Updated: Feb 13, 2021
A Being of Things
There is a thing that happens to me first thing in the morning; it is a feeling of time and a hearing of noises. It’s not a doing of things it’s a being of things. As I wake, I am lucky enough to hear birds. I lie still and listen. My eyes closed — my mind free to move from bird to bird. From call to call. From song to song.
My chest hardly rises as I breathe in the morning, it is not a stillness as such, my mind is clear, and my focus direct. I think about what I will be writing today, who will I be writing today.
The birds are loud now, repetitive peeps, melodic pipes, and outrageous shrieks. Spring is here too, and the light comes earlier, and the birds who are most active in the predawn light let me know it is time to wake, long before the sun.
Superb Fairy-Wren (Malaria cyaneus)
One of the best-recognised species and common in most areas where there is undergrowth or tall grass cover. Strongly territorial living in family groups. *
I open my eyes I search for the wrens, one blue, one brown, that for three years have scratched in the leaf litter for morsels outside my bedroom window. They haven’t returned this spring. Not since the neighbourhood cat, tabby, wombat wide and wallaby tall wandered through the yard.
In between bird sounds I write.
Voices in my Hands
As a ghost-writer, I wear many cloaks, many shoes, and many hats. I step into a voice, and that story inhabits me for a week, six months, a year. The life stories I write fill my memory with moments that I have never lived. They are not mine, but they live in my words for a time.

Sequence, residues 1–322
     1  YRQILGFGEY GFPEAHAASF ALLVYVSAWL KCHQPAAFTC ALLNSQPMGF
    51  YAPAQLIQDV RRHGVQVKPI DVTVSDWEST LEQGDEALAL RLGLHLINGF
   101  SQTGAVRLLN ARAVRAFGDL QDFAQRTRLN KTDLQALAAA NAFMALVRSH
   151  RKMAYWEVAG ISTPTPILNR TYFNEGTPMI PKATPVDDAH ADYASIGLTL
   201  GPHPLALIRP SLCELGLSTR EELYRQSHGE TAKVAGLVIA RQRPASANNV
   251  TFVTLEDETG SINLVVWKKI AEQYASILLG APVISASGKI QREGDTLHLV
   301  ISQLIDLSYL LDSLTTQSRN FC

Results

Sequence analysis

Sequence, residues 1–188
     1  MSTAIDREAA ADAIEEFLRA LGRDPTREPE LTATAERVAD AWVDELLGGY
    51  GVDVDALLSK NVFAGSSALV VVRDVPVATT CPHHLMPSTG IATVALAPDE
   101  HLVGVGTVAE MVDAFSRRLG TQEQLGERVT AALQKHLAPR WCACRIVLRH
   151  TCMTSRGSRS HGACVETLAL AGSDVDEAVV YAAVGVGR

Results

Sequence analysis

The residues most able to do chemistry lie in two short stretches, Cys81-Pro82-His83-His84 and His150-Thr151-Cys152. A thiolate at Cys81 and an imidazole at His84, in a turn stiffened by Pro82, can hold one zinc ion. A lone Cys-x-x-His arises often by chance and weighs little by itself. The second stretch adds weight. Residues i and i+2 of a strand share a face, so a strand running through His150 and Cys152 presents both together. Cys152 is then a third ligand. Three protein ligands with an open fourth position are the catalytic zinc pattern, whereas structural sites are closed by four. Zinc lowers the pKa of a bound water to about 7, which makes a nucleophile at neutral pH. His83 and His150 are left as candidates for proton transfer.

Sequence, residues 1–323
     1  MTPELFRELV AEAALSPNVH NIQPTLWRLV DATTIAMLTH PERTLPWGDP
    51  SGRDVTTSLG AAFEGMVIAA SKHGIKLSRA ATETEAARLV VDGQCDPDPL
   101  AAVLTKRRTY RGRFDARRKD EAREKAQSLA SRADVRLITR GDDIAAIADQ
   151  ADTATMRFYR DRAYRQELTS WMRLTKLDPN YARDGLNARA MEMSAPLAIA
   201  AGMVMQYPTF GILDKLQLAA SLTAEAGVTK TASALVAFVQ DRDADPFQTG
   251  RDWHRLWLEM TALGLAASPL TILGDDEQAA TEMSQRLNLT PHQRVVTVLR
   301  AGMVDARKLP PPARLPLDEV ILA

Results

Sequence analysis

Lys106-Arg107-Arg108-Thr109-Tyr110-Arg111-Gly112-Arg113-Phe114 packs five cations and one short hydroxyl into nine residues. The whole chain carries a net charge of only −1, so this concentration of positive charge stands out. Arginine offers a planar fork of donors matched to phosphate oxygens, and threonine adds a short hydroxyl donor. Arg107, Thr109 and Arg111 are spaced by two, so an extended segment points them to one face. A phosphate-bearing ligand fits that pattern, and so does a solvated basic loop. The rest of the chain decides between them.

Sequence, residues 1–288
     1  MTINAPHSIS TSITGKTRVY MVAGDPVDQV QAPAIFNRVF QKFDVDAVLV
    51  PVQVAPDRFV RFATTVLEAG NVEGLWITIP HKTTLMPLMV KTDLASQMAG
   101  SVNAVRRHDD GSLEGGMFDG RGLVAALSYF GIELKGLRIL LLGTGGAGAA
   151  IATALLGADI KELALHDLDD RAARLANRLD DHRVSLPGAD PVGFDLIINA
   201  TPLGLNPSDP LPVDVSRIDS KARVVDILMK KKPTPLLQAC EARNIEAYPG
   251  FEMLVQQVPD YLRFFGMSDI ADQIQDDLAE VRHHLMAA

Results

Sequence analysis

Today I might become the voice of the farmer who has lived his life on four-thousand acres, clearing land and counting his years in sheepdogs, rains, and droughts. Amongst his fantastical stories of lightning strikes, fires, and sheep yards he has a little hind-sighted thought of the water holes, now gone to salt, and the acres cleared of mallee scrub,
‘Did I do too much?’ he asks.
The Rooster and the Blackbird
The rooster usually crows first, long before dawn, his voice travels through the neighbourhood. It continues throughout the morning, but the others don’t seem to hear, none call back. No-one halts the business of the morning while his call intends to lord over us all.
Today I am writing in the voice of a young man who will become an engineer; he will travel through Salazar’s Portugal and drive through Berlin while the wall is under construction. Today though, he is a boy on the sand at Mordialloc Beach struggling to get out of his woollen bathing costume.
‘They were itchy if you left them on too long.’ He tells me in a moment of visceral memory.
Through his voice, I can hear the young boy dreaming. I hear him reflect on his life with pride while I write in his voice about his adult world in which business comes first. Capitalism and helicopters. A long way from Brunswick, 1945.
I record his anecdotes of university days, scholarships, and mentors. All the while, the birds keep me in this place, the blackbird’s song is constant.
My husband visualises this process as a swirling design from a fine nibbed pen, continuing across the page. ‘If you could see the blackbird’s song,’ he says, ‘that’s what it would look like.’
The Common Blackbird: Turdus merula
Introduced to SA during the 1870s. Native to Europe and Asia. Prefers gardens and areas with plenty of thick exotic undergrowth such as blackberries. As with other thrushes has a melodic piping song. When disturbed flies with a louder chatter.*
The Red Wattle Bird (Anthochaera carunculata)
Aggressive when feeding on nectar with other Honeyeaters. It has a loud coughing call with several variations.*